Paymogo sits adjacent to the Portuguese border, on the western part of the Iberian Pyrite Belt, described by Emerita as one of the world’s most highly mineralized volcanogenic massive sulphide terranes. The Atlantic port of Huelva is about 50 kilometres away.

The company has now received formal mineral title to Paymogo following a lengthy legal dispute that settled in June.

Meanwhile Emerita awaits a court decision regarding its disputed tender for Aznalcollar, a former zinc-lead mine on the same Iberian belt. In May the company signed a binding letter agreement to earn a 55% interest in the Sierra Alta gold project in northern Spain. The acquisition would cost Emerita $50,000, 500,000 shares and $500,000 in two years of spending.

Closer to Spain’s northern coast, the company holds a 50% interest in the Cantabrica do Zinco joint venture and its Plaza Norte base metals project, now subject to renewal of claims. In August 2019 the company reported a drill interval reaching 4.57% zinc over 9.5 metres from an area that has undergone historic drilling.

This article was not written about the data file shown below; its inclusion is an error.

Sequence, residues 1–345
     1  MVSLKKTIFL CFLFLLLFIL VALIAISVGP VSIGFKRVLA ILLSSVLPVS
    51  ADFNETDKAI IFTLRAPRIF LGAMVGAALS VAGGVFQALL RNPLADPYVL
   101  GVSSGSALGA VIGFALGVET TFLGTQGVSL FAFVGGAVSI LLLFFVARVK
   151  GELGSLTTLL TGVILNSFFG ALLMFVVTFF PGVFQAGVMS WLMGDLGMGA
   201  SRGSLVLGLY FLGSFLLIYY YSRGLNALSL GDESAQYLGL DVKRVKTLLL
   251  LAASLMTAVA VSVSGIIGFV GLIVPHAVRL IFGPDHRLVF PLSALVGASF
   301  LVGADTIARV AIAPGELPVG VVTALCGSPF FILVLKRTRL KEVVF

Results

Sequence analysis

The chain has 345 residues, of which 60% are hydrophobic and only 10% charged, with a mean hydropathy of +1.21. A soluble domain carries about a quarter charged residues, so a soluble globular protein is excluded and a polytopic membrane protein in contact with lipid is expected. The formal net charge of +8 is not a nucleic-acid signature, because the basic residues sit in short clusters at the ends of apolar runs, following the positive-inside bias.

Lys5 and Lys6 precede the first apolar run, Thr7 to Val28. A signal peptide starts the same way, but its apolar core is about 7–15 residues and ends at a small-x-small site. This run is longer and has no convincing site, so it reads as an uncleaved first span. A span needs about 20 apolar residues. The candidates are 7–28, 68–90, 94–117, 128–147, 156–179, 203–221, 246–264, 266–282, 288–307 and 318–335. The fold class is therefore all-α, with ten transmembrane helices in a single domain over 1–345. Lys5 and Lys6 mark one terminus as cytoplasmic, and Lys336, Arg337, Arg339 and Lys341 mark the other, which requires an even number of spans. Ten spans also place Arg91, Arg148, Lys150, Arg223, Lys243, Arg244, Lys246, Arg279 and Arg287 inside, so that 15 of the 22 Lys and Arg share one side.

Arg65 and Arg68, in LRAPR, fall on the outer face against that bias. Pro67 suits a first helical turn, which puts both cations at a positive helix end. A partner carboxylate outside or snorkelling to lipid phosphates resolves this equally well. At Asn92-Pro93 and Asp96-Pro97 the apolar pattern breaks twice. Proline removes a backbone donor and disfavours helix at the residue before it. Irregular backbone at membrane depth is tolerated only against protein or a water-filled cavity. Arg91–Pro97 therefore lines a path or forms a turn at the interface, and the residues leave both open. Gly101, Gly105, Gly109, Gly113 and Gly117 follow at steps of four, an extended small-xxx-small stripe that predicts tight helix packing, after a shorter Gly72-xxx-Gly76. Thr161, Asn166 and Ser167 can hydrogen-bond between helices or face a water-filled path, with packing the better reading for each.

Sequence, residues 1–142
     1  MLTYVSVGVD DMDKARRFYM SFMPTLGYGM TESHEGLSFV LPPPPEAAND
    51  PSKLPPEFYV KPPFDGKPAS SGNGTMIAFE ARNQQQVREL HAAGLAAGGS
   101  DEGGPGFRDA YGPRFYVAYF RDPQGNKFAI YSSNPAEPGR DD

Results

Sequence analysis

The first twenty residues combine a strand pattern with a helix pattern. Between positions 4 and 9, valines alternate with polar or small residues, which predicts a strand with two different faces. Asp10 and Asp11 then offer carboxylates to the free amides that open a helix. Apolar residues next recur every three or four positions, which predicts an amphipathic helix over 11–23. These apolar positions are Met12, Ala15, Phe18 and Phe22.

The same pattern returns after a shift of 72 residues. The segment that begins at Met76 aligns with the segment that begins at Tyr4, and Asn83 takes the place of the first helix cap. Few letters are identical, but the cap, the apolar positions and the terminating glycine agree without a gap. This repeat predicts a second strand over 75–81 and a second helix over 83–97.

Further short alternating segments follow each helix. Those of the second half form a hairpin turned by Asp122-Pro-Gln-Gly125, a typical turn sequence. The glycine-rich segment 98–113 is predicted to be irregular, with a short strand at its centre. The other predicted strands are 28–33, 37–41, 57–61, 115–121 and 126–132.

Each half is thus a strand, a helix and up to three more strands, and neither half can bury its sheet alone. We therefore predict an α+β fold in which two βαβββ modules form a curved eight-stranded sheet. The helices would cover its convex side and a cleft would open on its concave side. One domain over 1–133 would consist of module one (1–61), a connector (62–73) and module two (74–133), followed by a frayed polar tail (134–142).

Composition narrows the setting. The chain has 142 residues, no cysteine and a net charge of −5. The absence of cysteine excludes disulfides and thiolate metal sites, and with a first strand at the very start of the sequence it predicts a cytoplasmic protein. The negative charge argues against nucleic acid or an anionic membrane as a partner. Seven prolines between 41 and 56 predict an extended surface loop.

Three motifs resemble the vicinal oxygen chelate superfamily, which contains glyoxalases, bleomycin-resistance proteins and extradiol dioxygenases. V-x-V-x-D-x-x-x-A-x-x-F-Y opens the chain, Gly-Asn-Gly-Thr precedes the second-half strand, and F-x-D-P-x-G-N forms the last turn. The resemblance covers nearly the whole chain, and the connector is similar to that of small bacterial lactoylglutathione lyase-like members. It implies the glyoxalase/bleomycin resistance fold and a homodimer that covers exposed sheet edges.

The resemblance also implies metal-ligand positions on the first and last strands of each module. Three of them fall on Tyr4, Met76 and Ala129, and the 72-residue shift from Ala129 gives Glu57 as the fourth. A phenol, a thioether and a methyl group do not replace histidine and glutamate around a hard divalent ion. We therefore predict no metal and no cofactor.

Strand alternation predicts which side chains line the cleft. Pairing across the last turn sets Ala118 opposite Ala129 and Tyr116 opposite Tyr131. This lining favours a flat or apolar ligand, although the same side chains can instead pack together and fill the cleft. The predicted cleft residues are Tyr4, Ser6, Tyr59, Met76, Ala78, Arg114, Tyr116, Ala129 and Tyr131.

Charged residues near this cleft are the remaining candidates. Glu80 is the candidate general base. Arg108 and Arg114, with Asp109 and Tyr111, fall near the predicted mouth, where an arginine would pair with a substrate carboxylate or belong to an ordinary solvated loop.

Last month Emerita closed a fully subscribed private placement of $1 million that followed a $1.35-million placement in July.

Meet the Zimtu teams

September 3rd, 2020

Eight companies offer eight opportunities at one online event

by Greg Klein | September 3, 2020

Eight companies offer eight opportunities at one online event

 

Their projects span early exploration to advanced development. Their goals include base, precious and critical minerals, but also extend to technology and energy. A wide range of potential comes to the fore on September 10, when Zimtu Capital TSXV:ZC presents a Zoom conference highlighting eight of its colleague companies.